Apparently, shortly before the Dublin rocker's death in 1986, the then 36 year old Lynott gave a heap of 150 tapes to a third party for safe keeping - here's hoping the good folks at Universal treat the twenty-six year old find kind.
"In every group there's a member who lovingly collects their recordings and in Thin Lizzy that was Phil Lynott, because Lizzy was his baby and his band."
"There are out-takes, unheard versions of Thin Lizzy hits and, most exciting of all, material which was recorded but never released at the time," said Mr Hammonds.
The scheduled June release won't be the first collection in the last few years to feature archive work by the band as it follows on last year's Live At The BBC release, not to mention all those long-awaited deluxe remastered editions of Lizzy's back catalog. [and while we're on the subject, powers that be, howsabout getting around to taking the TBD out of the promised 2CD/DVD edish of Live and Dangerous equation already]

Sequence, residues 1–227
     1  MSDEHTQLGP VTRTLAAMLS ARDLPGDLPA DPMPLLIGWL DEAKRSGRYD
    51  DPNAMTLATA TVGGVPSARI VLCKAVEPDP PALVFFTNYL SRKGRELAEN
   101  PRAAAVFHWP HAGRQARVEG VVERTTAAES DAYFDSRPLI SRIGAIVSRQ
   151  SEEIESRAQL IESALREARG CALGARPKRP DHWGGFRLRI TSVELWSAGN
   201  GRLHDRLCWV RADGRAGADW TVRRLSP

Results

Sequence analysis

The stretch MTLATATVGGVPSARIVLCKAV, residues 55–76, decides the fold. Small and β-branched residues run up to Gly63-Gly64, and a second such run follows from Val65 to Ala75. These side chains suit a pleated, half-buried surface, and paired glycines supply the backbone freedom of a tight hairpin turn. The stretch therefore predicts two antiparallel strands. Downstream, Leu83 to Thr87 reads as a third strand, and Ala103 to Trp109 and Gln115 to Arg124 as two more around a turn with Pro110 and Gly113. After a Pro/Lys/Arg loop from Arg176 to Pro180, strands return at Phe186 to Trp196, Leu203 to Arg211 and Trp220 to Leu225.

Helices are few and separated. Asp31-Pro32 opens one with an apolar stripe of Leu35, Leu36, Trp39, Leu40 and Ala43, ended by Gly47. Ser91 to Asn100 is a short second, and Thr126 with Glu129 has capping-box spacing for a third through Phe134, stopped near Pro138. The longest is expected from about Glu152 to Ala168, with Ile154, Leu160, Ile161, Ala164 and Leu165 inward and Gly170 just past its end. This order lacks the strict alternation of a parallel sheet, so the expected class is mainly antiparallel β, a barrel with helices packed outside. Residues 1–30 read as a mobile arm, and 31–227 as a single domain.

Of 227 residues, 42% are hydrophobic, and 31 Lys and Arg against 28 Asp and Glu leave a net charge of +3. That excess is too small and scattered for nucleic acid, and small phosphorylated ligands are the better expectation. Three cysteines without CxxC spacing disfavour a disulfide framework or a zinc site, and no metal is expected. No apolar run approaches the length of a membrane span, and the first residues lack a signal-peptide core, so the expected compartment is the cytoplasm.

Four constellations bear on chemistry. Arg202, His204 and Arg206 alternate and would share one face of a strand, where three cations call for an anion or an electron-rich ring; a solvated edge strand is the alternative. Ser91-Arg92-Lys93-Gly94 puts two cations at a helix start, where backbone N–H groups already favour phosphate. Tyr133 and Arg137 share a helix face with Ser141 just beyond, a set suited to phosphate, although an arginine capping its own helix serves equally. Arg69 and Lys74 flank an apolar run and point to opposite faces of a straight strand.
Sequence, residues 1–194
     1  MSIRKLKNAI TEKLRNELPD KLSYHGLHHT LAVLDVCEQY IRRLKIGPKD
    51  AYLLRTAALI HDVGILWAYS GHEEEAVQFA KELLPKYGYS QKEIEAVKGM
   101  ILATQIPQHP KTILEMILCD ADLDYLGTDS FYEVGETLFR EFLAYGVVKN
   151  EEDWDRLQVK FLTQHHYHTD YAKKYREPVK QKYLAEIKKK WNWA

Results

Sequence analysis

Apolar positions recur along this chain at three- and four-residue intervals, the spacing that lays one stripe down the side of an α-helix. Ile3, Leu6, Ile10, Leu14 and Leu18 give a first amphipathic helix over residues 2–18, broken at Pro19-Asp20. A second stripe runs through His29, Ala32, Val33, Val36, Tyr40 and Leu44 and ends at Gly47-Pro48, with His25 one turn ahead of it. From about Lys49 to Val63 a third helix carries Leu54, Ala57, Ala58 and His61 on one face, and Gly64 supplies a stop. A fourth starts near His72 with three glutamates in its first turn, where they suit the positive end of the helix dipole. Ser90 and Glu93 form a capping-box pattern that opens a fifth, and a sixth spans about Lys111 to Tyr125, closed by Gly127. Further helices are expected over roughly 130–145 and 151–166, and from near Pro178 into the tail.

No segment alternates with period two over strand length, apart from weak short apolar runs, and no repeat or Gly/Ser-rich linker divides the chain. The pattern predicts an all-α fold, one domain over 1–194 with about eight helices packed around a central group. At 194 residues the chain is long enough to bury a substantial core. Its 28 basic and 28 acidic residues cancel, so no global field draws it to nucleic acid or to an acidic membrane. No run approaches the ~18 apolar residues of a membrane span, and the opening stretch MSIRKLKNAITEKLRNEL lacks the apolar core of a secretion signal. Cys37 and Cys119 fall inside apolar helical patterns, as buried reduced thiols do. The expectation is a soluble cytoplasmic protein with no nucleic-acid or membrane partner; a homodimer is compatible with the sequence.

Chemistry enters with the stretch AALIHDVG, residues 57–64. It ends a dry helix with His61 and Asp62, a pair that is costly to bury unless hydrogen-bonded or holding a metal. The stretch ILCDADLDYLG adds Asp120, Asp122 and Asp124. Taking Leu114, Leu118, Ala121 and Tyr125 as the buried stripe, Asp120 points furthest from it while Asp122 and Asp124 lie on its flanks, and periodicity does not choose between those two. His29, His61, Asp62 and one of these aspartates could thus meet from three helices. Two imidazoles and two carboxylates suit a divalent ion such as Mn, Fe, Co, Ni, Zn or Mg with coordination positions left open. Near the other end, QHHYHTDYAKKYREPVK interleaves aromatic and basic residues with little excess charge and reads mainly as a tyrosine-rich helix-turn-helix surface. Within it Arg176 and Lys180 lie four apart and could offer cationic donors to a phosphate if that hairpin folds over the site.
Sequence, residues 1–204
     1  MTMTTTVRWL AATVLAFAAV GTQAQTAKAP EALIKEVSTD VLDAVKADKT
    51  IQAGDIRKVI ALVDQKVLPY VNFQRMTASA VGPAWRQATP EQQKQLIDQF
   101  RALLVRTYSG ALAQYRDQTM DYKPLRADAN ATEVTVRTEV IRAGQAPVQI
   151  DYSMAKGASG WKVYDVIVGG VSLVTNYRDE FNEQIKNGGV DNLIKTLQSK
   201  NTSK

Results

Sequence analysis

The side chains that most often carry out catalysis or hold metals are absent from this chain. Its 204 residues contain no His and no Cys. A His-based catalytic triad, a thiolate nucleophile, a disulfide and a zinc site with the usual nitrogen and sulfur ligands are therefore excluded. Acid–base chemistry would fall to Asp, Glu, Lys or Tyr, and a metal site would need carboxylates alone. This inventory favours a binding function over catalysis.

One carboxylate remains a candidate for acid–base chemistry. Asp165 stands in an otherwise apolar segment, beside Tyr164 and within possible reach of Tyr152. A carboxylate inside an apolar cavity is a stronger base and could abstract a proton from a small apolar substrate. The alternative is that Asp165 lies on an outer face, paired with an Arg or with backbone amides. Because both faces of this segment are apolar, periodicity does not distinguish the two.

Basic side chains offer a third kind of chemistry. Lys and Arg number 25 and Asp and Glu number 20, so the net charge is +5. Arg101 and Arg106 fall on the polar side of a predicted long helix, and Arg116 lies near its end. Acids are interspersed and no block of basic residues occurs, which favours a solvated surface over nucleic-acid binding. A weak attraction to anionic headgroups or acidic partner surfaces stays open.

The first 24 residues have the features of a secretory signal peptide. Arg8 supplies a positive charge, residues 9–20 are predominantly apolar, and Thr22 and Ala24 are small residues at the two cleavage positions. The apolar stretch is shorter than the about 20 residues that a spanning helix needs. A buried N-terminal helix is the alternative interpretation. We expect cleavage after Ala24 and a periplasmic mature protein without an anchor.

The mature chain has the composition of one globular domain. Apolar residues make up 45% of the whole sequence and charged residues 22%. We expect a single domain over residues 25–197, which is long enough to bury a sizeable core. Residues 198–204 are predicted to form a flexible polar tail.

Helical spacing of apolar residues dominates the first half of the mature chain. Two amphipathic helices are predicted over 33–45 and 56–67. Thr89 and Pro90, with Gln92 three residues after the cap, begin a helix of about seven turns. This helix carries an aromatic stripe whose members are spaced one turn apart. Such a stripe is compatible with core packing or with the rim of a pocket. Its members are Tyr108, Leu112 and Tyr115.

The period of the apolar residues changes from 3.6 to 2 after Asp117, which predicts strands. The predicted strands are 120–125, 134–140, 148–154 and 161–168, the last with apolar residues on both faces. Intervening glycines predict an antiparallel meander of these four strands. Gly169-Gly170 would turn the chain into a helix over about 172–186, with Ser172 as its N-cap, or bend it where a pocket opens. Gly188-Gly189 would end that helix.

What's really rocking my clock is the fact that the newly unearthed recordings stretch from Thin Lizzy's years with Decca Records, beginning in 1971, to their Renegade album in 1981 - an era that is considered by many Lizzy enthusiasts to be not only Lizzy's finest hour, what with Jailbreak fitting snugly in the middle of those years, but also a rather terrifically crucial period in rock history. Consider this: what would Iron Maiden be like in 1984 had it not been for the Thin Lizzy of 1971-1981? I rest my case.